Treatment and prevention of acute coronary syndromes (ACS) with antithrombotics in elderly patients face unique challenges: elderly patients usually require multiple drugs due to comorbidities, are highly susceptible to adverse drug reactions and drug-drug interactions, may have cognitive problems affecting compliance and complications, are specially exposed to the risk of falls, and, most importantly, ageing is an independent risk factor for bleeding. Antithrombotic drugs, alone or in association, further and variously amplify age-related bleeding risk. Moreover, age-related changes in primary haemostasis may potentially affect the pharmacodynamics of some antiplatelet drugs. Thus, elderly subjects might be more or less sensitive to standard antiplatelet regimens depending on individual characteristics affecting antiplatelet drug response. Importantly, elderly patients are a rapidly-growing population world-wide, have the highest incidence of ACS but are poorly represented in clinical trials. As a consequence, evidence on antithrombotic drug benefits and risks is limited. Thus, in the real-world setting, older people are often denied antithrombotic drugs because of unjustified concerns, or might be over-treated and exposed to excessive bleeding risk. Personalized antithrombotic therapy in elderly patients is particularly critical, to minimize risks without affecting efficacy

Rocca, B., Husted, S., Safety of Antithrombotic Agents in Elderly Patients with Acute Coronary Syndromes, <<DRUGS & AGING>>, 2016; 33 (4): 233-248. [doi:10.1007/s40266-016-0359-0] [http://hdl.handle.net/10807/72323]

Safety of Antithrombotic Agents in Elderly Patients with Acute Coronary Syndromes

Rocca, Bianca;
2016

Abstract

Treatment and prevention of acute coronary syndromes (ACS) with antithrombotics in elderly patients face unique challenges: elderly patients usually require multiple drugs due to comorbidities, are highly susceptible to adverse drug reactions and drug-drug interactions, may have cognitive problems affecting compliance and complications, are specially exposed to the risk of falls, and, most importantly, ageing is an independent risk factor for bleeding. Antithrombotic drugs, alone or in association, further and variously amplify age-related bleeding risk. Moreover, age-related changes in primary haemostasis may potentially affect the pharmacodynamics of some antiplatelet drugs. Thus, elderly subjects might be more or less sensitive to standard antiplatelet regimens depending on individual characteristics affecting antiplatelet drug response. Importantly, elderly patients are a rapidly-growing population world-wide, have the highest incidence of ACS but are poorly represented in clinical trials. As a consequence, evidence on antithrombotic drug benefits and risks is limited. Thus, in the real-world setting, older people are often denied antithrombotic drugs because of unjustified concerns, or might be over-treated and exposed to excessive bleeding risk. Personalized antithrombotic therapy in elderly patients is particularly critical, to minimize risks without affecting efficacy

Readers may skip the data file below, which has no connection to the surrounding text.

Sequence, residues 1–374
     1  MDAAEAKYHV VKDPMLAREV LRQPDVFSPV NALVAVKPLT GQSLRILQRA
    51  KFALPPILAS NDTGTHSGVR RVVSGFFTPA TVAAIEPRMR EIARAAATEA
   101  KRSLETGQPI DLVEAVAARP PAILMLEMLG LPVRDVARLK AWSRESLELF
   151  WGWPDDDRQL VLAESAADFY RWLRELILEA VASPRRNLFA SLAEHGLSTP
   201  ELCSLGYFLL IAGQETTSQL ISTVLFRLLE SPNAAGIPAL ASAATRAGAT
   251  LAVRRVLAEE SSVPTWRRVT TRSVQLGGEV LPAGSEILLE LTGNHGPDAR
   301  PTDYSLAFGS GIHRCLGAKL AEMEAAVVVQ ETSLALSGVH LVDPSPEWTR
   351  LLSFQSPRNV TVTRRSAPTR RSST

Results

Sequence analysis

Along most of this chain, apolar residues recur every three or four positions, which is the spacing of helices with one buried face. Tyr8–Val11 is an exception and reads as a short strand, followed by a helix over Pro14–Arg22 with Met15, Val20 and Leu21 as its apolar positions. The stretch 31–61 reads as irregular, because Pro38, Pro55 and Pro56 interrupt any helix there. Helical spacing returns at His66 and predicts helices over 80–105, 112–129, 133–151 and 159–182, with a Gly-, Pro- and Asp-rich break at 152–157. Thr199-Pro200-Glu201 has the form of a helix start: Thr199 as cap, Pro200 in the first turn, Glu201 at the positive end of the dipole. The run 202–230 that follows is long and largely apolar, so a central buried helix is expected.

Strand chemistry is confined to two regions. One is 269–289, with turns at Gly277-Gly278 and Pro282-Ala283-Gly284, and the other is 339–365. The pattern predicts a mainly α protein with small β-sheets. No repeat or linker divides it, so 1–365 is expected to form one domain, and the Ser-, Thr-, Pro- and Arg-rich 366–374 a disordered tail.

Inglese
Rocca, B., Husted, S., Safety of Antithrombotic Agents in Elderly Patients with Acute Coronary Syndromes, <<DRUGS & AGING>>, 2016; 33 (4): 233-248. [doi:10.1007/s40266-016-0359-0] [http://hdl.handle.net/10807/72323]
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Utilizza questo identificativo per citare o creare un link a questo documento: https://hdl.handle.net/10807/72323
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